The Mad River Valley's first maple festival will be held at the Hartshorn Farm April 1-3, 2016.

The Mad River Valley Food Network – a group formed in response to the 2015 Economic Vitality Series in which participants offered feedback to the Mad River Valley Planning District and Mad River Valley Chamber of Commerce about doing business in The Valley – continued to strategize prospects of agritourism and branding.

On March 22 at the General Wait House, farmer and business owner Dave Hartshorn shared plans for The Valley’s first annual maple festival to be held at Hartshorn Farm on Route 100 on April 1 through 3 from 11 a.m. to 4 p.m.

Hartshorn will offer tours, maple demos and tastings, ox and cart rides and products like milkshakes and creemees. Other businesses will participate by offering products, such as Dori Ross’ Tonewood Maple, Lawson’s Finest, Mad River Distillers, American Flatbread and wellness business owner Amy Todisco, who will be selling maple soaps.

Hartshorn said that businesses interested in collaborating should contact him at (802) 279-8054.

The group discussed the idea of hosting dinner events at Valley farms, such as a company called Feast in the Field that rents space from farmers and hires a professional chef to cater an elaborate meal with local ingredients elsewhere in the country. Such services have collected up to $200 per person, group members said.

One potential issue with such endeavors is that, according to Hartshorn, Mad River Valley planners don’t “want retail on the back roads.” But, he said, “If you want vitality, then you need to deal with policy.” He encouraged group members to attend planning commission meetings to have their voices heard and Liza Walker of the Vermont Land Trust said that farms who wish to participate in agritourism could at least “make them [the planning commission] aware of the impact” on their business ideas.

The group also spoke about branding and marketing. Mad River Valley Food Hub owner Robin Morris said, “How we brand our food in The Valley is very important” but added that the branding and marketing committee has had trouble finding time to meet.

Mad River Valley Chamber of Commerce secretary and chair Peter MacLaren said that the committee should look at how The Valley stands apart from other agricultural regions in determining a marketing plan.

Group members talked briefly about a past Valley movement called Locavore – an effort that fizzled out a few years ago after having a fair amount of previous success. Members said that this effort was successful in that it brought consciousness about producing and eating locally – that “it just didn’t happen much before that,” one member commented.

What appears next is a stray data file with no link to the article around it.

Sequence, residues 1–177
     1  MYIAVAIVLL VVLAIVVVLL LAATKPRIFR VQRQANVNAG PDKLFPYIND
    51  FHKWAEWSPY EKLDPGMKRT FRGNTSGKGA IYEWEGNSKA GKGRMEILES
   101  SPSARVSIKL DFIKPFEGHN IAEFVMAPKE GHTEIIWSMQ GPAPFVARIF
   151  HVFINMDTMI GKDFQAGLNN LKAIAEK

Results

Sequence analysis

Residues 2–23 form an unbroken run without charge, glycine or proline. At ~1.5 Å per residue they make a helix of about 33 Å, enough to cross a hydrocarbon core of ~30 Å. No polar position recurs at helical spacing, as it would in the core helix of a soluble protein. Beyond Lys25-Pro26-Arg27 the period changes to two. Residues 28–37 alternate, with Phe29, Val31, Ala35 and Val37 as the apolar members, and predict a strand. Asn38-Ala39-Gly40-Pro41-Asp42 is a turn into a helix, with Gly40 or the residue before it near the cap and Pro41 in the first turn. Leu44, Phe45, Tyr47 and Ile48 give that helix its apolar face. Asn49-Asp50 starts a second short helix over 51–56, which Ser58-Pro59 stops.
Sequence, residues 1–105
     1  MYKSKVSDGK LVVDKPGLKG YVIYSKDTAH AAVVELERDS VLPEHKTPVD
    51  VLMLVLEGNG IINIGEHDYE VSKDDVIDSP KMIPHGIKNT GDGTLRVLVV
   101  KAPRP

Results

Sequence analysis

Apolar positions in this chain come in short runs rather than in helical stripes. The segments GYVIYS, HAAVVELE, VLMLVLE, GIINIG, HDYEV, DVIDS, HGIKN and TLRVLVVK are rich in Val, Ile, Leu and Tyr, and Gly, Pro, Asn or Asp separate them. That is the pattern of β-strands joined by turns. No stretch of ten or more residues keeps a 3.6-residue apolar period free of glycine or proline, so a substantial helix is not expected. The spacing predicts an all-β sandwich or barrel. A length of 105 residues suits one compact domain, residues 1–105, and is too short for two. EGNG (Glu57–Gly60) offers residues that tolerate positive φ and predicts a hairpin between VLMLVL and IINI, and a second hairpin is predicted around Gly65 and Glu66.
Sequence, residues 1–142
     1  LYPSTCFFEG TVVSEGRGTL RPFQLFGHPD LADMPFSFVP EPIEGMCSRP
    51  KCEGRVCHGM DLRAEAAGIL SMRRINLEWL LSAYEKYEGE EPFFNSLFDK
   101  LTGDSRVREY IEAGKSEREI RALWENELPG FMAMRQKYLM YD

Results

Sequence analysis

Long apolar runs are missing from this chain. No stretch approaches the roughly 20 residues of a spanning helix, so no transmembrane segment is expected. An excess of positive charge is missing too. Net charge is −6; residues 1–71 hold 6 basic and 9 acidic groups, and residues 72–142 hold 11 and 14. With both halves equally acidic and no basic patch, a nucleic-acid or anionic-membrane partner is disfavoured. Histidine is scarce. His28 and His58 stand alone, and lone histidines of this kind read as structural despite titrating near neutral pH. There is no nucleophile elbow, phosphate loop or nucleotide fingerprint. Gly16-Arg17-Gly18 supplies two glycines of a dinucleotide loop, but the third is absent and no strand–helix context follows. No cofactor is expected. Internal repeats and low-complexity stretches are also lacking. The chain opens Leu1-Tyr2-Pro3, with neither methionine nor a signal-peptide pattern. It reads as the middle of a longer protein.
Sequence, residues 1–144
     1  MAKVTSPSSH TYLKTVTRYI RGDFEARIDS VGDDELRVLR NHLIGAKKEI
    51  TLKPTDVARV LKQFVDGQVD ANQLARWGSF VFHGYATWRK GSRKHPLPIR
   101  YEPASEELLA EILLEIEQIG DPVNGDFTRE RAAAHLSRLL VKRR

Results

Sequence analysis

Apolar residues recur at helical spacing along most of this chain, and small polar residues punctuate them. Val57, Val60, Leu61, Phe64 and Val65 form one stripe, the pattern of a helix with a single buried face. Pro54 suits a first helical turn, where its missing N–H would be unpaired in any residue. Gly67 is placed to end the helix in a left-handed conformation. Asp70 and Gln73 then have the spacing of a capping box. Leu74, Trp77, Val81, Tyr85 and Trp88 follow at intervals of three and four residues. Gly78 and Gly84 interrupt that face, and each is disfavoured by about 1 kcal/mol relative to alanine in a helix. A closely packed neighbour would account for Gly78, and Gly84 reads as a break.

Morris said that if the new group continues to emphasize a local food movement in particular, “you’re setting yourself up for failure,” as much of The Valley’s food is exported – perhaps a practical business model at this time.

But Hartshorn said, “It would be great if we were the region that had the most locally grown and eaten foods in Vermont.”

Morris pointed to the idea of using health as a “tremendous leverage point” to market Valley food sales and production and to possibly make The Valley known for health more generally. Products and services could be focused on fermented foods, for example – a dietary component that has received much attention in the recent past.

This strategy could connect the health of The Valley’s people and land, Hartshorn said.

Group members entertained ideas of creating a tasting center in Waterbury, where products could be sampled, and Round Barn owner Jim Donahue said that the Vermont Cheese Council is “talking about The Valley as a central cheese location.” They discussed events for producers, such as a market to showcase cheese, bread, wine and beer at the Round Barn.

In order to accomplish all that the group has conceived, “We need someone who can dedicate several hours a day,” MacLaren said. He explained that with local event planning and grant writing, there is enough work for a full-time position, whereas the group is currently moving more slowly than they would like, due to its volunteer-based nature. “How we fund that is a big discussion,” he said.

Aaron Locker of Kingsbury Farm said that the group could approach funding like members of a co-op, each member funding a portion of what is needed and receiving financial return in the future. “Getting grants takes forever,” he said.

MacLaren added that the issue with such a model is that the entire Valley community would benefit from the growth of food industries, but only some [the group members] would contribute.